“I know all of you think of me as arrogant,” the Queen of Hearts confided to Alice as the players at the Mad Hatter’s took a tea break.

“Why would anyone think such a thing, your majesty?” Alice asked, trying not to smile.

The Red Queens, who had been kibitzing, had argued heatedly. The Queen of Hearts blustered that she was the most powerful card in Wonderland, and no ace or king would dare capture her.

“If my cousin were any more self-absorbed,” the Queen of Diamonds told Alice, “she would be a roll of toilet paper. Everyone knows it can be better to lose a trick than win one.”

“Don’t listen,” the Queen of Hearts insisted. “The truth is, I can be quite modest.”

North-South, the Dormouse and the Hatter, bid to 3NT, and Alice, West, led the king of spades. East discouraged with the three, and the Hatter played low. If he took the ace and led a club, East would win and return a fatal spade.

Alice saw that another spade lead would be futile. To have a chance, she had to find East with something in hearts. She was about to lead the deuce when she felt the Queen of Hearts’ penetrating gaze; so Alice led the queen.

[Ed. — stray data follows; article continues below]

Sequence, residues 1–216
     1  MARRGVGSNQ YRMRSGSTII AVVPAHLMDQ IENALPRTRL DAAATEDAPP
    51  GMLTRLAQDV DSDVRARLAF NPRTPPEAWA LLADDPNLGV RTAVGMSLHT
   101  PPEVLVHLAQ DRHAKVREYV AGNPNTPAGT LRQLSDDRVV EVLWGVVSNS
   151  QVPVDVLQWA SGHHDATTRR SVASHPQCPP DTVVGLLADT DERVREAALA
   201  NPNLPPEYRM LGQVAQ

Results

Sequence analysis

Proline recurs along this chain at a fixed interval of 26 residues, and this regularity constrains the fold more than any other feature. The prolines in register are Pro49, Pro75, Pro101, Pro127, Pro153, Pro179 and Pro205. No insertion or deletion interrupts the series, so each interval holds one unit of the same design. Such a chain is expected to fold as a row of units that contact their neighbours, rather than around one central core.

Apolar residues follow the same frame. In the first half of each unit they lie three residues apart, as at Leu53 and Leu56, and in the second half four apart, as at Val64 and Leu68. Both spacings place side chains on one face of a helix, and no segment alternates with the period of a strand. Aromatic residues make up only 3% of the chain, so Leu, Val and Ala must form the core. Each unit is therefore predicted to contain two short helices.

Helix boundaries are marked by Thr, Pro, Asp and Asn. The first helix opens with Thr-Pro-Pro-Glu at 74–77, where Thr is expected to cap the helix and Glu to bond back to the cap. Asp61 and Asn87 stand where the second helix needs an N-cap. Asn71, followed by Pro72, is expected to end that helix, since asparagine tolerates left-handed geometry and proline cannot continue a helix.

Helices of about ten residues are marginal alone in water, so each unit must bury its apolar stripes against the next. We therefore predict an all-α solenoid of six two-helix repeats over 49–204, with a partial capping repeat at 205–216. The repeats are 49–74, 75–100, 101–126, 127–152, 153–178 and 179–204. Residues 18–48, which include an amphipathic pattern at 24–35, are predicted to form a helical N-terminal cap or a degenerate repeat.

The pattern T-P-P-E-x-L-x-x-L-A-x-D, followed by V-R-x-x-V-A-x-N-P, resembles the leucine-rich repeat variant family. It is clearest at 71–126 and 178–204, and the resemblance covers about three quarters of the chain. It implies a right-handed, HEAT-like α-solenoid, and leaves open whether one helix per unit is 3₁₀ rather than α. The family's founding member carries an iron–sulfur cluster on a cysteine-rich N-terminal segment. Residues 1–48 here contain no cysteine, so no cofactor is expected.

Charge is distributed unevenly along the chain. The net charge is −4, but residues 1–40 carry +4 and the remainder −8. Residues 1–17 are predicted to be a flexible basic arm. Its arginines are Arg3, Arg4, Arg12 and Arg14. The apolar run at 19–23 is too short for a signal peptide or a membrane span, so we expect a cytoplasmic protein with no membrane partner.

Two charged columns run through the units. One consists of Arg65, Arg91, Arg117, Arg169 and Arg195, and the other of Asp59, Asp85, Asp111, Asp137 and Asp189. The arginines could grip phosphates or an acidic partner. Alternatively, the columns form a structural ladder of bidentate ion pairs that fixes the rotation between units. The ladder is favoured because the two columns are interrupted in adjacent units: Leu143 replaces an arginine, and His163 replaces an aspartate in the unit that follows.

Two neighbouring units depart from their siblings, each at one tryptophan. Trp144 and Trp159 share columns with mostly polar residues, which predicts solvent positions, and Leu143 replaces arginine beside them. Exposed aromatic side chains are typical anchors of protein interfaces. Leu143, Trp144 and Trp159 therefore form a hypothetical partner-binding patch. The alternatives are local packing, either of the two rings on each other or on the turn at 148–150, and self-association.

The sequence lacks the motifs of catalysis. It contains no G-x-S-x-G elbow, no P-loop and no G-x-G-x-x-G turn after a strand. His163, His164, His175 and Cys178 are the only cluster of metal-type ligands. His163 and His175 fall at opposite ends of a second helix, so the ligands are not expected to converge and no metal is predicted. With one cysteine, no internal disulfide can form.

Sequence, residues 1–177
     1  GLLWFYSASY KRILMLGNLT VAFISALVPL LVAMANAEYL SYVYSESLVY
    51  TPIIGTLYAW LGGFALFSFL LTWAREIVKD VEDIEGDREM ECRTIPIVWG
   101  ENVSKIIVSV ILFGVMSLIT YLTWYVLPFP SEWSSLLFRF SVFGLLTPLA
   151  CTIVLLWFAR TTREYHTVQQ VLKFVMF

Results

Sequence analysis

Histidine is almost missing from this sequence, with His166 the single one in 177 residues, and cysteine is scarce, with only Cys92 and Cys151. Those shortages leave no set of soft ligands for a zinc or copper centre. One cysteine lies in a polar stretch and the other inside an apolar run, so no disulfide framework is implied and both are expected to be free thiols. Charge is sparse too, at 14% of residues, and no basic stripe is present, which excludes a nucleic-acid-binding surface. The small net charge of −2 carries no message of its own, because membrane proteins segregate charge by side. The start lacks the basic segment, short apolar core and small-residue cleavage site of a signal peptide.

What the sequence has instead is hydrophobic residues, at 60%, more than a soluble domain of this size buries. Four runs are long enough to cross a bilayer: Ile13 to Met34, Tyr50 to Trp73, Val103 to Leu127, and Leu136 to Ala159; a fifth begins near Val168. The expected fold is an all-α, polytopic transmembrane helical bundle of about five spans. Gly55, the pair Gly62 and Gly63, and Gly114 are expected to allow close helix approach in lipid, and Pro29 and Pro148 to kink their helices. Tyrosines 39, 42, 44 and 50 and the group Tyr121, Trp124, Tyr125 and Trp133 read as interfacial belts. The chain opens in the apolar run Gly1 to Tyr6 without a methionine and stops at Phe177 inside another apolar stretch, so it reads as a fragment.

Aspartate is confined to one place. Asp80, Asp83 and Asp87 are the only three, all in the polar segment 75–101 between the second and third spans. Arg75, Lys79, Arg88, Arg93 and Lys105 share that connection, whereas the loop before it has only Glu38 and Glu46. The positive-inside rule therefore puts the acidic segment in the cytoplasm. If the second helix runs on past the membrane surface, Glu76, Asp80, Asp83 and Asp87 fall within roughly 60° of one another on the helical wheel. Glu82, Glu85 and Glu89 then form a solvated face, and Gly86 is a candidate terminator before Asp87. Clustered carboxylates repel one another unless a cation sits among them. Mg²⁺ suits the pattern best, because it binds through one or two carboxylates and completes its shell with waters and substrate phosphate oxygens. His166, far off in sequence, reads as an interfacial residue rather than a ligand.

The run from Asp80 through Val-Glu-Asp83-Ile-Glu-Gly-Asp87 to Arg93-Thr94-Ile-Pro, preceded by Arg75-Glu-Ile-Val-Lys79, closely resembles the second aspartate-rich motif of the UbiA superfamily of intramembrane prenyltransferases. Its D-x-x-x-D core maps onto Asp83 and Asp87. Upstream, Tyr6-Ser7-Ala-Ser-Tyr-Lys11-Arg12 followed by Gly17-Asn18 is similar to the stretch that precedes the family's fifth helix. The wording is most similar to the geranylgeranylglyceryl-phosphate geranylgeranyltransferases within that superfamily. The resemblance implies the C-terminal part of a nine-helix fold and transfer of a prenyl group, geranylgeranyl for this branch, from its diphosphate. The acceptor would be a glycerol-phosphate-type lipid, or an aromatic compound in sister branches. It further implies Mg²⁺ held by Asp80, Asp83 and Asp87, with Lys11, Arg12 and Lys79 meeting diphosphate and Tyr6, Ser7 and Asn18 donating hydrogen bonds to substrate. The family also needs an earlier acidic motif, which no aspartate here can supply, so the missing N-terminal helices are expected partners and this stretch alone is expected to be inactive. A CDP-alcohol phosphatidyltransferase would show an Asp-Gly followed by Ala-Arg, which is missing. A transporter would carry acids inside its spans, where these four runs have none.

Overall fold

The Hatter was doomed. If he took the ace and forced out the ace of clubs, East would lead the king and another heart, and Alice would score the seven and ten for down one. Nor would it help declarer to duck the queen of hearts.

“See?” the Queen of Hearts said triumphantly. “If you lead a low heart at the second trick, the contract is made.”

And Alice had to admit that so it was.

North dealer

N-S vulnerable


S 6 4

H J 8

D A Q 2

C K Q J 10 4 2


S K Q 10 9 5

H Q 10 7 2

D J 8 6

C 3


S 8 7 3

H K 6 3

D 9 7 5

C A 9 7 6


S A J 2

H A 9 5 4

D K 10 4 3

C 8 5

North East South West
1 C Pass 1 H 1 S
2 C Pass 3 NT All Pass
Opening lead — S K

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